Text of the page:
I wanted to tell this girl who wore my face that younger children had gone to Nigeria. Children like Chief’s son who left at fourteen, against his father’s wishes, to find his own path. I wanted to tell her she could not trust anything I said, since even the knowledge recorded in my journals came from other minds, those who remembered what I could not. I wanted to tell her sorry, that Tasi Mary was not here to offer the possibility of a more coherent truth. Sorry, for everything else.

Our eyes met for a moment—hers searching, mine avoiding—as I was thinking of the next thing to say. I swallowed my premature question, a lump that irritated my parched throat (I could not think of the appropriate words and felt a hot wave of shame; I was awkward and uncertain, like a child).

“Make yourself at home,” I murmured finally. My eyes returned to the ground.


I woke up the next day to her face hovering above mine. I blinked in question. She withdrew, almost reluctantly.

Efua poured some gari into water, allowing the mixture to rise to make eba. I thought she was preparing her breakfast, but then she handed me the bowl.

“You don’t have to do this,” I said.

She shrugged and prodded me to eat with only her gaze. I succumbed and ate half, offering her the rest.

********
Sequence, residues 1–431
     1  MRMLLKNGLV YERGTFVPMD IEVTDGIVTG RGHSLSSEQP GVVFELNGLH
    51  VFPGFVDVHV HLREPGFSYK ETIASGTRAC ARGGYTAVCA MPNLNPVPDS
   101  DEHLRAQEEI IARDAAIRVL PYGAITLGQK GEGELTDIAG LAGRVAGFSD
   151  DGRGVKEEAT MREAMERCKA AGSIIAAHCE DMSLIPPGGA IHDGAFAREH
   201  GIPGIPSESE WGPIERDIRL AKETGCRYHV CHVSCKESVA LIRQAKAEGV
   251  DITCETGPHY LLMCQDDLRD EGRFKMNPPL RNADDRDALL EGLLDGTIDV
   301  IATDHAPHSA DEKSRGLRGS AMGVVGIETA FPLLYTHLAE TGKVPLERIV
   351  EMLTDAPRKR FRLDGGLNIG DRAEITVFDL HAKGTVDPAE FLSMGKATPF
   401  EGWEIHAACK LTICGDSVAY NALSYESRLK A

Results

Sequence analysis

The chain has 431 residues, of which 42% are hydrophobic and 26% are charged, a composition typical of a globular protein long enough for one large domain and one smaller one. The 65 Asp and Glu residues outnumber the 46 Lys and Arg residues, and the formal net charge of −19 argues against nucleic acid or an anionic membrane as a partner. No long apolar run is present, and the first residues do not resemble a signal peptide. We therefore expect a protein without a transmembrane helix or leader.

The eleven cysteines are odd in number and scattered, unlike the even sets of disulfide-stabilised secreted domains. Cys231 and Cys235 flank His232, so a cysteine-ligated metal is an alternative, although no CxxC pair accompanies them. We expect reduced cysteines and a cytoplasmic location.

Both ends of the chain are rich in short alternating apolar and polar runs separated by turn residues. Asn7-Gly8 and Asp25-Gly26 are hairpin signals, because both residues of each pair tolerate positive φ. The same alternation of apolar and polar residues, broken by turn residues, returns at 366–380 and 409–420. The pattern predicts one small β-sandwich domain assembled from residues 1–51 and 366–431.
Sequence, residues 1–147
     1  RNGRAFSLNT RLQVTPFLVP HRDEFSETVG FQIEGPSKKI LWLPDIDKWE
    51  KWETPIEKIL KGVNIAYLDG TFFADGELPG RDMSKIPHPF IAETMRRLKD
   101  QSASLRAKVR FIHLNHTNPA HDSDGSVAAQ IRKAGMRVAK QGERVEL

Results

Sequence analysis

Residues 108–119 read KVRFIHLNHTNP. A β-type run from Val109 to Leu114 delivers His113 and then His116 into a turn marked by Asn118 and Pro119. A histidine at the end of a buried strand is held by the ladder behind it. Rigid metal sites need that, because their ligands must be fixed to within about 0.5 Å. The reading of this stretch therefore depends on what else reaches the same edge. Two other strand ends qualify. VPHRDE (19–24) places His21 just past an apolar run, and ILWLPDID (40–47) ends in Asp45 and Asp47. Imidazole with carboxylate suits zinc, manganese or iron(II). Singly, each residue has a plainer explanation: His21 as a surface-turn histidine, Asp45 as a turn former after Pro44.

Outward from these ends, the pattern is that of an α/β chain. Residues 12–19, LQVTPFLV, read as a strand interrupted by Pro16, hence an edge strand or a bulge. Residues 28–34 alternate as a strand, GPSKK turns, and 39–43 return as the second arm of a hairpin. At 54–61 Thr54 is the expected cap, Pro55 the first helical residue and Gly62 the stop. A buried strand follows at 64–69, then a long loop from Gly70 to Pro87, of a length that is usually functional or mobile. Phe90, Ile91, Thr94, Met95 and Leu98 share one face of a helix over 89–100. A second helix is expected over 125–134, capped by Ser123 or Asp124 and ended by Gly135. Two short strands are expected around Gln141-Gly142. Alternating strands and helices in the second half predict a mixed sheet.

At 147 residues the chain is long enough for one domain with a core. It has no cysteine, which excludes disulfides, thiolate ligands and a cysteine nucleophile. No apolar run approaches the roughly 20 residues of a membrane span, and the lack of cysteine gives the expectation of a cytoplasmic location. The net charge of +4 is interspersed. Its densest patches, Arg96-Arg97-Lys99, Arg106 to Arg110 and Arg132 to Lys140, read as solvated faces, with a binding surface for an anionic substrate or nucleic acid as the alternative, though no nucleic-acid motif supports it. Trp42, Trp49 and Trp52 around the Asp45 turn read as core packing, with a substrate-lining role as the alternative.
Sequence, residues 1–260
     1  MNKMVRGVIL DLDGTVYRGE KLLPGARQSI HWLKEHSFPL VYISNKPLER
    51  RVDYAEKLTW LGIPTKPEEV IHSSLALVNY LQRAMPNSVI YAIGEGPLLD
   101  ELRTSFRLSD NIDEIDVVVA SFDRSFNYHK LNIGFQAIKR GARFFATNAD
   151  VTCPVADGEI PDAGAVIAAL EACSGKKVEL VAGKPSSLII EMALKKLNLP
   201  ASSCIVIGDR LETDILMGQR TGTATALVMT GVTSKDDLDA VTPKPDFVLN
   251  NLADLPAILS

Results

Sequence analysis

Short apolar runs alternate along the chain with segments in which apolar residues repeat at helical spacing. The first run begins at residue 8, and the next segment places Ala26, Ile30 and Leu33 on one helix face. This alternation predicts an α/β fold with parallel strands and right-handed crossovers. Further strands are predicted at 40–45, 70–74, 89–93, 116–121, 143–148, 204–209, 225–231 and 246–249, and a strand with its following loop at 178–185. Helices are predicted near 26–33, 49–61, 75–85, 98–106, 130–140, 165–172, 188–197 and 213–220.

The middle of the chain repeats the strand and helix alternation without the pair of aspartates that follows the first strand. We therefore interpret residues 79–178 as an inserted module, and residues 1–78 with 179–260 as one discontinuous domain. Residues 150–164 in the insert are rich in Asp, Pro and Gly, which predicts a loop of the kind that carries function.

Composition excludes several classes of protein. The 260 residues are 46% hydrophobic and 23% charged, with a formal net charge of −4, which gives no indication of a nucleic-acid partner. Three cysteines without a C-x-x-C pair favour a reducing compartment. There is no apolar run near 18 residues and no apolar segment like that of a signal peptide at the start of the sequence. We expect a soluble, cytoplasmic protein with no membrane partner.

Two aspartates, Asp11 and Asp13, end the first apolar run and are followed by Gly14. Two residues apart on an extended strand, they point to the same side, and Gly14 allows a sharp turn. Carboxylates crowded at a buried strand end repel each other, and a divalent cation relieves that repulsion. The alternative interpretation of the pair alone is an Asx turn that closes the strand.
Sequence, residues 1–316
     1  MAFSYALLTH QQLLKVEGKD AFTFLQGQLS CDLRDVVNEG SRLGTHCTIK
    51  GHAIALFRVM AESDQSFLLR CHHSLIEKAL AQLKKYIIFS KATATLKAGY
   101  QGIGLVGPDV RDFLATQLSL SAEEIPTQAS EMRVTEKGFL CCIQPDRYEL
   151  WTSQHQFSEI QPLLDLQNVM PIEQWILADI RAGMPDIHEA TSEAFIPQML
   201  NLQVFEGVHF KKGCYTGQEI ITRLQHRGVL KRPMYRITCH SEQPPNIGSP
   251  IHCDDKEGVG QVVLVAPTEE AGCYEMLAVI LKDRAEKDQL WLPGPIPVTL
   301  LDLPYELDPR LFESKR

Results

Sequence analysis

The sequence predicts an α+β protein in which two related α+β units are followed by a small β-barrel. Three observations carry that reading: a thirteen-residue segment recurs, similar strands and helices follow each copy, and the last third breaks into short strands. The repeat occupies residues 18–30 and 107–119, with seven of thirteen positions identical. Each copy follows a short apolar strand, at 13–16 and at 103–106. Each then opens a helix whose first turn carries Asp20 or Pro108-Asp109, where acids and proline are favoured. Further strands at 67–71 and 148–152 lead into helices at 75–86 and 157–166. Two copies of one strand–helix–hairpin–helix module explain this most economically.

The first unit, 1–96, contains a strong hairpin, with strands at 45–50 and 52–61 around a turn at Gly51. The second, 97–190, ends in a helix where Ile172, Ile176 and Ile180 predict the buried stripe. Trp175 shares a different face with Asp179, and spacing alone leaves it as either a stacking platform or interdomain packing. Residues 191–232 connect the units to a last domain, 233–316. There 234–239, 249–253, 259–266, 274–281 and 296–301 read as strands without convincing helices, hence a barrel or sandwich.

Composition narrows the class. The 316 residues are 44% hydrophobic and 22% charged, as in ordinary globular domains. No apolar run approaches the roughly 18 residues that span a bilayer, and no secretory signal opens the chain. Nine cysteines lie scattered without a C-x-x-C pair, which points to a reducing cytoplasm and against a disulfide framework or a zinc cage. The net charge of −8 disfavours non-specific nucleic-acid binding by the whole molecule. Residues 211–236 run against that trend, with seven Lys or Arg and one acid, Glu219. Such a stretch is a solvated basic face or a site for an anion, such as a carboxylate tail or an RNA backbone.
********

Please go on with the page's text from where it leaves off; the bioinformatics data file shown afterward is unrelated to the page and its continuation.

After breakfast, Efua braced her head on her palm. We waited for something neither of us knew how to initiate. Was it mother-daughter conversation or something more rudimentary? And where could we begin when I did not possess all of myself, and she could only know what others had said of me? We were both unreliable.

I left for my daily trek into the forest and returned at the close of day to find Chief Ega at my door. He was speaking to Efua.

“You are always welcome here, child,” I heard my elder brother telling my forgotten daughter. This was the same man who had said, upon my return from a failed marriage, “What did you think would happen to a girl who went without her family’s consent to marry a man named Agbezuge? Of course she will bring us his belligerent life.”

At least there was some comfort in the knowledge that his frustrations did not extend to that belligerent man’s child.

“Where’s Tasi Mary?” I remembered to blurt out before he could vanish again.

“Dead to us,” was all he said. Like you, I expected him to add, but then my mind took me back to his use of “us,” to his crippled tone. I wanted to ask whether he was finally including me, but by then my brother had departed with the last light.